Prime Minister Narendra Modi addresses the nation from the ramparts of the historic Red Fort on the occasion of 72nd Independence Day, in New Delhi on Wednesday, August 15, 2018. Express Photo by Neeraj Priyadarshi
By Pratap Bhanu Mehta
“Indeed it is a strange disposed time/ But men may construe things after their fashion/Clean from the purpose of the things themselves.” Somehow this admonition by Cicero to Casca in Shakespeare’s Julius Caesar, on interpreting omens, seemed particularly apt in listening to Prime Minister NarendraModi’s final Independence Day speech before the general elections. For, in an election year, a speech is like an omen; admittedly supporters and detractors will construe it after their own fashion. But it bears reminding that these speeches construct something whose divorce from reality is as striking as the claims they make.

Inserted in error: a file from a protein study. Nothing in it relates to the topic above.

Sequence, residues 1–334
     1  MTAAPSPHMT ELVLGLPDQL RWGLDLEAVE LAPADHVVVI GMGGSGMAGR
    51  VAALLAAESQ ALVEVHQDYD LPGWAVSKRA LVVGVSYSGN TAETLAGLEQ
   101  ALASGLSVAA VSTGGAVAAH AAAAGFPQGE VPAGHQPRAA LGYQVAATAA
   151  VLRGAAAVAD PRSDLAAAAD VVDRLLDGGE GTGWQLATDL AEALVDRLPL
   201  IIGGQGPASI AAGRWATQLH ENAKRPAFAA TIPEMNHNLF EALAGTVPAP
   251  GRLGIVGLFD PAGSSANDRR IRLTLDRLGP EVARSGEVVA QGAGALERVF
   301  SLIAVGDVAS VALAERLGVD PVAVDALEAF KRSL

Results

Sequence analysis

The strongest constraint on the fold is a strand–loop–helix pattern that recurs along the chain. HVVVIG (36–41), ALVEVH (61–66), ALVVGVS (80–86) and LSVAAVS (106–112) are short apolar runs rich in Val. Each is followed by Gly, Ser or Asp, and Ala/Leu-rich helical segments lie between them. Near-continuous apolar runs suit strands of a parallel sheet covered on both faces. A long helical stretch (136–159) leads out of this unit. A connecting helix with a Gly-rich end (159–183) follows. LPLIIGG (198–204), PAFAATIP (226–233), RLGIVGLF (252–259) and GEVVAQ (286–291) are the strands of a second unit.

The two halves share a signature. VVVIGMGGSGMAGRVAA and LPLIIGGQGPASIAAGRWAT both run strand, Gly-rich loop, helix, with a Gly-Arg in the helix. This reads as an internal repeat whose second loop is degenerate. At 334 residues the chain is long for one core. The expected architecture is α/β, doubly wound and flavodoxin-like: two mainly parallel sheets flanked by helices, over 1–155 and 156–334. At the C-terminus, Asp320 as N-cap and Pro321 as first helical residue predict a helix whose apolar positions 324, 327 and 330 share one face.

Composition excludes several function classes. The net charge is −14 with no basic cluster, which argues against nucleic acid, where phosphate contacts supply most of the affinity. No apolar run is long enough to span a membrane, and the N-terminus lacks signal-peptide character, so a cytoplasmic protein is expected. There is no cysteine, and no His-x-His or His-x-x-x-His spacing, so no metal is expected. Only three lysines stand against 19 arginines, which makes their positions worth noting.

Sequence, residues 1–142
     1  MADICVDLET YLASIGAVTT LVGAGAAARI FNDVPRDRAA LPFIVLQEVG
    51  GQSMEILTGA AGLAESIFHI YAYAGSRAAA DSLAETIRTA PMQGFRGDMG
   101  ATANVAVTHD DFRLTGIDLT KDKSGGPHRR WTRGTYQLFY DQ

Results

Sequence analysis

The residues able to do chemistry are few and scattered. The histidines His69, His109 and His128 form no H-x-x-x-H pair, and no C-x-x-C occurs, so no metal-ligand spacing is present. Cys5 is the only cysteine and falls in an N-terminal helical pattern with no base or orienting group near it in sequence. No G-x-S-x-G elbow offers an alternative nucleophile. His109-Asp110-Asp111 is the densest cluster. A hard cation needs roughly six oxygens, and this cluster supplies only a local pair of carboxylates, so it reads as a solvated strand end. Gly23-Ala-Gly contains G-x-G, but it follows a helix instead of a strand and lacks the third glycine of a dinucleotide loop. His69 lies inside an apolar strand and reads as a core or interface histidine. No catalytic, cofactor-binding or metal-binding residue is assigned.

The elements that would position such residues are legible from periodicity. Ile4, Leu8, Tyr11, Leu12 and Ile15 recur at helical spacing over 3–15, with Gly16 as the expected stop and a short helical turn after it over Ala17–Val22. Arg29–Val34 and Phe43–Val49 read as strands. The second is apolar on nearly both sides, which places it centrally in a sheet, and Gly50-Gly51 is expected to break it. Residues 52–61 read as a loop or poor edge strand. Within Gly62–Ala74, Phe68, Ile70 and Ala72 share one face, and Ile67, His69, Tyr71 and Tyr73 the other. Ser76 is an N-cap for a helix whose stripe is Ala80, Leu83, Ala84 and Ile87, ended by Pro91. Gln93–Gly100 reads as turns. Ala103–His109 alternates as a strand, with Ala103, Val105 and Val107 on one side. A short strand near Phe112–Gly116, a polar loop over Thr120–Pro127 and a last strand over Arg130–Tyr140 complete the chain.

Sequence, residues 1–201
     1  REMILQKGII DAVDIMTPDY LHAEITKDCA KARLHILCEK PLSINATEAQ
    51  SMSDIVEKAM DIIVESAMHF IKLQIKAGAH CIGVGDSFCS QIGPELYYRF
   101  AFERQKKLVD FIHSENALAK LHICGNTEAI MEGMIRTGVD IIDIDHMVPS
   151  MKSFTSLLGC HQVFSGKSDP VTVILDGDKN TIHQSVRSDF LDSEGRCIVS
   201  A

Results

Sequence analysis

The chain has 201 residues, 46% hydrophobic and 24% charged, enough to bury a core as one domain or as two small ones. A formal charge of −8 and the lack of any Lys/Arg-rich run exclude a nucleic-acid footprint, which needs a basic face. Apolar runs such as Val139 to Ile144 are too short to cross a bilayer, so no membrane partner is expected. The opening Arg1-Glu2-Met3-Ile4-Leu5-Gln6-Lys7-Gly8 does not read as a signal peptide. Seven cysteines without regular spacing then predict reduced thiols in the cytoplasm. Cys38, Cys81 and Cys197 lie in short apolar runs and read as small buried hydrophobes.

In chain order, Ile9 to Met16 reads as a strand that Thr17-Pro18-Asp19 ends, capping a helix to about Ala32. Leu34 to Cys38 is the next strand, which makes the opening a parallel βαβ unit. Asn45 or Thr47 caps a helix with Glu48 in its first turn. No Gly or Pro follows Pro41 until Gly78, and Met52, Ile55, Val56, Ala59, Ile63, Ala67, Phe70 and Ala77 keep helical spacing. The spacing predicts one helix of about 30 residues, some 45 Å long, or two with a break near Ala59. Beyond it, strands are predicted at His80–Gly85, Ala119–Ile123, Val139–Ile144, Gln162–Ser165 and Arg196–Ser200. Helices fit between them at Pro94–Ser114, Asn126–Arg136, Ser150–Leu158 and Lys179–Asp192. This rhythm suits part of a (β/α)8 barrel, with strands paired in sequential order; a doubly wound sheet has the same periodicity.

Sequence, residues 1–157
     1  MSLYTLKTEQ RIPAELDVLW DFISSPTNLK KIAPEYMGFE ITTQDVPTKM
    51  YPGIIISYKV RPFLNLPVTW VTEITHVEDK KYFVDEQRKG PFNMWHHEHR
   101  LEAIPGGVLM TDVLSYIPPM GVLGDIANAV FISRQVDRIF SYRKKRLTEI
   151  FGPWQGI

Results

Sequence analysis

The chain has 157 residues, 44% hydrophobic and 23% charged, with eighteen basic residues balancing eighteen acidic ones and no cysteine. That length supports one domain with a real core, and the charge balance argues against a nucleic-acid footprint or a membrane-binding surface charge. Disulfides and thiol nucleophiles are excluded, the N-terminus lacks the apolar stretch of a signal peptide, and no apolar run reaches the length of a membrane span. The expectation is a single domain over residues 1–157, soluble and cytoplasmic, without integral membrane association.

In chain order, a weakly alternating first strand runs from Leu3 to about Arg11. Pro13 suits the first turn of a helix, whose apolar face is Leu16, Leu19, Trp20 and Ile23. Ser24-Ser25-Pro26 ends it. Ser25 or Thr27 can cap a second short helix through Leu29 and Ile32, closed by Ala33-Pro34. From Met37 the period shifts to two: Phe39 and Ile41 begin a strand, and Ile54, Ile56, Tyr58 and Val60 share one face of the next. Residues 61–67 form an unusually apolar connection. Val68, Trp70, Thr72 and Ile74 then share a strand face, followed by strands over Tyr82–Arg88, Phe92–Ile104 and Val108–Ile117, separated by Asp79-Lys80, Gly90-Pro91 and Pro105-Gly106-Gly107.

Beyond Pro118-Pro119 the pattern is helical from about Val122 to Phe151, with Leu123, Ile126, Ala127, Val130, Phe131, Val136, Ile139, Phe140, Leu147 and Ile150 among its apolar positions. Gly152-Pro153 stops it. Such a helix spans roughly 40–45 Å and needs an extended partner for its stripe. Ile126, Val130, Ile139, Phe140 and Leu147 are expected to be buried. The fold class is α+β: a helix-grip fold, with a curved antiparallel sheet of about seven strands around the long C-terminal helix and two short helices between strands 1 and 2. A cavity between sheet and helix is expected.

On its own terms, the prime minister’s speech was an artful, well delivered and energetic performance — qualities his opponents ought not to underestimate. It was both a deception and a challenge, finely braided. It blanketed us with a fantasy of hope — where finally India was on the move, respected by all nations (apparently the prestige of the Indian passport has grown), free of corruption and not in the grip of a vice-like paralysis. The state was delivering every single thing India’s poor have been waiting for a long time to receive: Nutrition, roads, electricity, gas, housing, health care, minimum support prices, aircraft, airports, fibre optic cables, IITs and AIIMS, new technologies, toilets, and even an Indian citizen in space.